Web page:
The aesthetic appeal of a renewed downtown is not incompatible with economic development. These are not mutually exclusive goals. An attractive downtown with affordable rents for both rental and owner-occupied housing with attractive small local retail businesses will bring in more tax revenue from local residents and revived tourism alike. The return of local entrepreneurs like those lost with the demolition of the Carriage Shops and now the Summerlin Block tenants (Cousins Market, the tailor shop, the Pub, etc.) will help recreate our once vibrant downtown.
The Town has had design guidelines since the beginning of the building growth spurt in 1983 but in recent years the Planning Board has not been willing to address the design sections of our zoning bylaw, and staff has not called their attention to them in their reports to Boards. Design Guidelines are elucidated in The Design Review Board (DRB) handbook for sale in Town Hall or accessible on line.
Section 3.202 of the zoning bylaw states what actions “SHALL” be subject to review by DRB and “SHALL be subject to the design standards therein.” To me “Shall” means MUST—and, if the Board isn’t satisfied that design goals are met, the plans should be sent back to the architect or owner for further refinement. Even if a structure is allowed by right ,it is not exempt from compliance with our bylaws and regulations as they have existed for close to forty years.
The following quoted statements are excerpted from the Design Review Handbook with the hope that boards will exercise their powers of enforcement once again. (The bold type is the addition of this writer)
The need to establish design guidelines for development in downtown Amherst was recognized as early as 1972. In 1983, in response to construction of a new, modern bank building in the middle of Amherst’s 19th century brick commercial blocks (the current Bank of America Building), Town Meeting discussed the creation of a Design Review Board (DRB). The Planning Board and Historical Commission drafted zoning amendments and in October 1983, Town Meeting added Section 3.2, Design Review, to the Amherst Zoning Bylaw. This established the Design Review Board, defined a downtown Design Review area, and set the original design principles and standards used by the Design Review Board in reviewing development proposals.
Over decades of practice, through regular refinements of the design review regulations, and with the help of citizen collaboration and the guidance of Town staff, the role and jurisdiction of the DRB has evolved. The DRB’s geographic jurisdiction now includes: 1) all exterior changes requiring building or land use permits within the downtown business districts, and 2) any exterior change within 150 feet of the edge of the green spaces in the Town Common. These areas are established by overlay districts and are of primary importance for the preservation of historic architecture and significant site features, and for the application of sound urban design. Design review is also required for all Town projects above and beyond routine maintenance anywhere in Amherst. This includes any construction, alteration, demolition or removal of a structure or site by the Town.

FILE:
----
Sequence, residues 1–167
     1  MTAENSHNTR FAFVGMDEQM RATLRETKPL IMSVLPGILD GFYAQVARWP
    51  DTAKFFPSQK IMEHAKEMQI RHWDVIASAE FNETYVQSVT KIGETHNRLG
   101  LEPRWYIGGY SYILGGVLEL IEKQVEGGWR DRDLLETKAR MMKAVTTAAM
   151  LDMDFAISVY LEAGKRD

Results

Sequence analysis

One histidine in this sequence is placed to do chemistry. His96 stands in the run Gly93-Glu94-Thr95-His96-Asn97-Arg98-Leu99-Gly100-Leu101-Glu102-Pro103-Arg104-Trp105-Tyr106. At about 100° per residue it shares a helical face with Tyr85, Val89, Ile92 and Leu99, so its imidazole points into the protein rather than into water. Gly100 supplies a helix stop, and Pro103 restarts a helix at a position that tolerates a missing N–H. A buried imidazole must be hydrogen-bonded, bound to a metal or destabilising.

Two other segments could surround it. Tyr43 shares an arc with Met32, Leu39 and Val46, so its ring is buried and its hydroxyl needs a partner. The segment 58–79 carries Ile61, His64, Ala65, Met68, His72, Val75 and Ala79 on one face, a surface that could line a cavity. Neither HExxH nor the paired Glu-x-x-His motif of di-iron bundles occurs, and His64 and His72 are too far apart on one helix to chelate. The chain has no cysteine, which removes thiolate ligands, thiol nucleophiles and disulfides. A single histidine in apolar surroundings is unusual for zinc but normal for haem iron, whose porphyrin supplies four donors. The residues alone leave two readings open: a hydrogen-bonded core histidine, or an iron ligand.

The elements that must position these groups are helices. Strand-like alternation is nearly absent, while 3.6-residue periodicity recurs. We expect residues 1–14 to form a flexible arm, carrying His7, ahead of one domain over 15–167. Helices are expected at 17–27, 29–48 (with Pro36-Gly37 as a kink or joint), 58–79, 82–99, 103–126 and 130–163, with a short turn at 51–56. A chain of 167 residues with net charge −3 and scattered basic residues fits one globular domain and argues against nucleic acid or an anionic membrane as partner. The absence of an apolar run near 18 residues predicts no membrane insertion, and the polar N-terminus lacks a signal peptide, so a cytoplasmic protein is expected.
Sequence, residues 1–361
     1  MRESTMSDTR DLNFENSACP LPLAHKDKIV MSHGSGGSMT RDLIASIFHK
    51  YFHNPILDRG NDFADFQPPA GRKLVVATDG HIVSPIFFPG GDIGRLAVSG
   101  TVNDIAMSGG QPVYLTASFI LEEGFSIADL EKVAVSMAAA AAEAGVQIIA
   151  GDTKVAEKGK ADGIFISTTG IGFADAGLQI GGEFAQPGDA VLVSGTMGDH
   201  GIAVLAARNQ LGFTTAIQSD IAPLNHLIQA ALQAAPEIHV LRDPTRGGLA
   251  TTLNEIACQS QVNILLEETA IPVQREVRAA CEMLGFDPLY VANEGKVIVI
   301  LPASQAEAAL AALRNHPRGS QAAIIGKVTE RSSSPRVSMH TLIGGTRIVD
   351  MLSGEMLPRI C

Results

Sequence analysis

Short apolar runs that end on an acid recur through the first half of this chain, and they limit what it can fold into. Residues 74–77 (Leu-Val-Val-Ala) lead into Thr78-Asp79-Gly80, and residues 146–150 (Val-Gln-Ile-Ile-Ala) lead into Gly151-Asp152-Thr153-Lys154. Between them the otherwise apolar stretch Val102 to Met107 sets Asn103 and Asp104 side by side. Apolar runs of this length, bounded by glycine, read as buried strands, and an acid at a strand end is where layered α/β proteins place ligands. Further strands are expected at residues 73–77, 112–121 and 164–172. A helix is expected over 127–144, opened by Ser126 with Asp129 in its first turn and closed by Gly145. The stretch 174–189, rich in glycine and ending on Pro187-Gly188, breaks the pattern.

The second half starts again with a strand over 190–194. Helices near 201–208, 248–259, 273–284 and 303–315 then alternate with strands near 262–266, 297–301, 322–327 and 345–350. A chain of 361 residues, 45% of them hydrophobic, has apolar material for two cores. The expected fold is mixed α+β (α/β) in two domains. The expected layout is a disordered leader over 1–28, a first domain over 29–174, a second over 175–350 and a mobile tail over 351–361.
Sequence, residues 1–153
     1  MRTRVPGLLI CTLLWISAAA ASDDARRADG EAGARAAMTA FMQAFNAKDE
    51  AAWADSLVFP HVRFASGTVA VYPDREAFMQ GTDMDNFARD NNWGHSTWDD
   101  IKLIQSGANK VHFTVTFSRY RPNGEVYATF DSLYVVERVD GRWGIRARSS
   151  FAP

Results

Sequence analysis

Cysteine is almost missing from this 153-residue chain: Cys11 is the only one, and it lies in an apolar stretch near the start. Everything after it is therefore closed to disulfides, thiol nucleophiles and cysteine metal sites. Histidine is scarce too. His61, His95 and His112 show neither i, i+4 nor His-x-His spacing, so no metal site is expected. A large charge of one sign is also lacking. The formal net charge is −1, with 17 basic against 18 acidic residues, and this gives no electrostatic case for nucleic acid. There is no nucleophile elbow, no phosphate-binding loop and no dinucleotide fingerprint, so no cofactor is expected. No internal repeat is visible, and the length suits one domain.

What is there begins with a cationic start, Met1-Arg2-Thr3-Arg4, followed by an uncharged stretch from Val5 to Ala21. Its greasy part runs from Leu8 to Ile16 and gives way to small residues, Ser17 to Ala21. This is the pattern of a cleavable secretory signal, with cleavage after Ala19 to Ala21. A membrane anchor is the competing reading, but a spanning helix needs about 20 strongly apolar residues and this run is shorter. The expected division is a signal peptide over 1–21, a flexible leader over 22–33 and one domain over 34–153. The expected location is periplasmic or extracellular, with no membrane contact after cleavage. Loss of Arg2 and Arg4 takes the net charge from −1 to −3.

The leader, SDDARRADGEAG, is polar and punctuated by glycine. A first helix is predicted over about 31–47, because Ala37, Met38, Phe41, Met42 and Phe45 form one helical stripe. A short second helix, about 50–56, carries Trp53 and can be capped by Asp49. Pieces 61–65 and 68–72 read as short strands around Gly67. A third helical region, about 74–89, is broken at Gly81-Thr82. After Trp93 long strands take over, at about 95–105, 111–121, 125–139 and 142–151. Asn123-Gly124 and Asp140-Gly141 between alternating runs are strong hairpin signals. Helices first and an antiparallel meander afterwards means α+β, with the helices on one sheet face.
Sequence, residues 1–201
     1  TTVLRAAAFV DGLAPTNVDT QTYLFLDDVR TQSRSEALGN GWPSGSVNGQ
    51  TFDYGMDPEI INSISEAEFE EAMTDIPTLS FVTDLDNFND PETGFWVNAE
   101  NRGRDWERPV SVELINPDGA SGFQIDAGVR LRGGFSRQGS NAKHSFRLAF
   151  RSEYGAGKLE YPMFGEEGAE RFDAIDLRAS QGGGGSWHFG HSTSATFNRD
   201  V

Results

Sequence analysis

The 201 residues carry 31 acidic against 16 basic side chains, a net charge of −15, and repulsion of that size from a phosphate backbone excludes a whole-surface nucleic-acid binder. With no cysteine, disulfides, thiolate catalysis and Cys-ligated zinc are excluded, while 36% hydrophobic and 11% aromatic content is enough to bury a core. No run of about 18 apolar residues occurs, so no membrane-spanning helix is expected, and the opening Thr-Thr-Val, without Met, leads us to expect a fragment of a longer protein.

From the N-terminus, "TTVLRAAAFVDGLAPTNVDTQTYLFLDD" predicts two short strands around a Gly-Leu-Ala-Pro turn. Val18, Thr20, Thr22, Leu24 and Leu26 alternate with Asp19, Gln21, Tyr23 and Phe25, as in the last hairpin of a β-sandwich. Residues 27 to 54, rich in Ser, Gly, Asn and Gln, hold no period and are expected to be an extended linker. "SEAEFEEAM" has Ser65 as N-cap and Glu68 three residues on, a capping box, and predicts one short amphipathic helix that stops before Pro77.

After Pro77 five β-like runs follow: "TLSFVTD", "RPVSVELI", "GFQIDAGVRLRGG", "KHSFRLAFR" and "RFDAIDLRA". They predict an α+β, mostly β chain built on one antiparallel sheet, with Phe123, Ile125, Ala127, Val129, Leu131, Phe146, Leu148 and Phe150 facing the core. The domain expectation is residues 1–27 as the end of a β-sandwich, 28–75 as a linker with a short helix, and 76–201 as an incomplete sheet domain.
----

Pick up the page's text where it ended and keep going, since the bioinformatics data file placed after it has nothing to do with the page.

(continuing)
In all districts, the Special Permit Granting Authority or Permit-Granting Boards, as applicable (e.g. the Planning Board or Zoning Board of Appeals), can choose to apply the provisions of Sections 3.2040 and 3.2041 of the Zoning Bylaw (the Design Review Principles and Standards) to an application, and must apply them to any construction, renovation, or expansion resulting in the creation of new townhouses, new apartments, and new two family detached dwellings or the addition of a single new dwelling unit to an existing single-family residence resulting in a two family detached dwelling. By working together cooperatively, applicants, the Design Review Board, and other permitting bodies can protect Amherst’s environmental and architectural heritage, increase property values, stimulate economic growth and make Amherst an attractive place in which to live and shop, and an exciting place to visit.
The DRB gives “mandatory advice”. For applicants proposing a change within the DRB’s jurisdiction, design review is a mandatory step in the permit process, but the DRB only offers design advice and recommendations. It cannot impose permitting requirements. In those geographic areas where DRB jurisdiction does not extend, other permitting boards are authorized to apply the design review principles and standards set out in Section 3.204 of the Amherst Zoning Bylaw.
Good design is an effective way to advertise one’s business and to improve the visual environment. By following the Design Review Principles and Standards contained in this booklet, you can help protect and enhance one of Amherst’s most treasured assets—the historical character, human function, beauty and diversity of its downtown.